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Making Sure Your Baby is Getting Enough Milk

I'm breastfeeding my baby. How can I tell if she's getting enough milk?

There are several ways you can tell whether your baby is getting enough milk. They include the following things:

  • Your baby has frequent wet and dirty diapers.
  • Your baby appears satisfied after feeding.
  • Milk is visible during feedings (leaking or dripping).
  • Your baby is gaining weight after the first 4 to 5 days of life.

Wet & Dirty Diapers

Your baby should have several wet or dirty diapers each day for the first few days after delivery. Beginning around the time that your milk comes in, the wet diapers should increase to 6 or more per day. At the same time, stools should start turning green, then yellow. There should be 3 or more stools per 24 hours. Typically, once breastfeeding is going well, breastfed babies have a yellow stool during or after each feeding. As your baby gets older, stools may occur less often, and after a month, may even skip a number of days. If stools are soft, and your baby is feeding and acting well, this is quite normal.

Feeding Patterns

Your baby's feeding patterns are an important sign that he is feeding enough. If you add up all the feedings over the course of the day, your baby should feed at least 8 to 12 times a day. Remember, newborns feed often and will give cues or signs when they are ready to feed. The length of each feeding varies and your baby will show signs when she is finished.  

When feeding well with good latch on, the infant will suckle deeply, you will hear some swallowing, and the feeding won't be painful. The baby should appear satisfied and/or sleep until time for the next feeding. If your baby sleeps for stretches of longer than 4 hours in the first 2 weeks, wake him for a feeding. If your baby will not waken enough to eat at least 8 times per day, call your pediatrician.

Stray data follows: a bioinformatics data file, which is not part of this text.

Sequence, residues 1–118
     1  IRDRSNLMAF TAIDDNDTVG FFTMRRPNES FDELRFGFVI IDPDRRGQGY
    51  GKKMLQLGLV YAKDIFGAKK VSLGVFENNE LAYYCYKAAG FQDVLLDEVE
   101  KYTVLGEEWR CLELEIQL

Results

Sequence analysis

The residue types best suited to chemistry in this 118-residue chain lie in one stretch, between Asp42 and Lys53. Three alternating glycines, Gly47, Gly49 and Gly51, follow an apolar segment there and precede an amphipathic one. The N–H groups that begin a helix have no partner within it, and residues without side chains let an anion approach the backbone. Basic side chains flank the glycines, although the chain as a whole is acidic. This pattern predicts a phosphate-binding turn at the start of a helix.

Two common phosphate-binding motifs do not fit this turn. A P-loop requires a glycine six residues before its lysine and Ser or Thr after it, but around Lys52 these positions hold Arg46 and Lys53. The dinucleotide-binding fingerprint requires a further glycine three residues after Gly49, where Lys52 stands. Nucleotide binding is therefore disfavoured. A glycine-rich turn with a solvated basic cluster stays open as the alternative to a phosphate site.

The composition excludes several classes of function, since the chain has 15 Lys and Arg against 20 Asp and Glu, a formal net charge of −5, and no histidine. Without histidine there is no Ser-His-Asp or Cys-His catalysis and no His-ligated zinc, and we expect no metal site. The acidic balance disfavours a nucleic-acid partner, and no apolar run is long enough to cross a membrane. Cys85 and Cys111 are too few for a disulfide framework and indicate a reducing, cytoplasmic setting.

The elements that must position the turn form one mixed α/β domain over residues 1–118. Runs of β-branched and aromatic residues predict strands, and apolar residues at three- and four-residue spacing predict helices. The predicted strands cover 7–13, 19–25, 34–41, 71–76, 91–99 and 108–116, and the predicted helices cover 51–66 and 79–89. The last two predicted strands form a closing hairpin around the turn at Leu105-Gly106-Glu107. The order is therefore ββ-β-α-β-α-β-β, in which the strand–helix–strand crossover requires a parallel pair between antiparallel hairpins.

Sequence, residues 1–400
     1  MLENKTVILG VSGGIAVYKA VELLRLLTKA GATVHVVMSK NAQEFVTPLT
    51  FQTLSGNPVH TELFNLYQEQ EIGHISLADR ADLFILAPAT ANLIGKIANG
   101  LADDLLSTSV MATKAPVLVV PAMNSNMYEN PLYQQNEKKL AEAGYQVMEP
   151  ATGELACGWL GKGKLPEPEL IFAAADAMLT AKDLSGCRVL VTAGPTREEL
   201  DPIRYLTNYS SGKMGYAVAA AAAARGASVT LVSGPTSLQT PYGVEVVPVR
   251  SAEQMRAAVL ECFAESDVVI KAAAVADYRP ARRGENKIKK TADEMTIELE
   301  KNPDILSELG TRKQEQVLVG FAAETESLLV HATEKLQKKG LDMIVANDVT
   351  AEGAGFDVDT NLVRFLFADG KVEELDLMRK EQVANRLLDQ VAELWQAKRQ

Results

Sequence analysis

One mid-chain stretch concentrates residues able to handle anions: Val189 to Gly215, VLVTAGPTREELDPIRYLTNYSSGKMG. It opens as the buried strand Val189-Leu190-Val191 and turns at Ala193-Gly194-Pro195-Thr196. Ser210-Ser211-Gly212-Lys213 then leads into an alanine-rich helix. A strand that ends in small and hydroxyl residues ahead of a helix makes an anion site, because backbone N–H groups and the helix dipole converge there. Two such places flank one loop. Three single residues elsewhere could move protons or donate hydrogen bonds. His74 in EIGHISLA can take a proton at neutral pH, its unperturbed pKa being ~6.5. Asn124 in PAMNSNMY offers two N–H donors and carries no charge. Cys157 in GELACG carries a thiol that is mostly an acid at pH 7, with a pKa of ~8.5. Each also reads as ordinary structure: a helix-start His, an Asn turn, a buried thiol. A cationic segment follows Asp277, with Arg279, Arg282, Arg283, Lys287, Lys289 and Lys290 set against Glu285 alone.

Weight Gain

Your child will be weighed at each doctor's visit. This is one of the best ways to tell how much milk your baby is getting. The AAP recommends that babies be seen for an office visit (or home visit) between 3 to 5 days of age to check on breastfeeding and baby's weight. During the first week, most infants lose several ounces of weight, but they should be back up to their birth weight by the end of the second week. Once your milk supply is established, your baby should gain between ½ and 1 ounce per day during the first 3 months.

Early Signs of Hunger

Your baby starts to let you know when she's hungry by the following early signs or cues:

  • Small movements as she starts to awaken
  • Whimpering or lip-smacking
  • Pulling up arms or legs toward her middle
  • Stretching or yawning
  • Waking and looking alert
  • Putting hands toward her mouth
  • Making sucking motions
  • Moving fists to her mouth
  • Becoming more active
  • Nuzzling against your breast
Last Updated
Breastfeeding Your Baby (Copyright © 2005 American Academy of Pediatrics, Updated 8/2012)
The information contained on this Web site should not be used as a substitute for the medical care and advice of your pediatrician. There may be variations in treatment that your pediatrician may recommend based on individual facts and circumstances.
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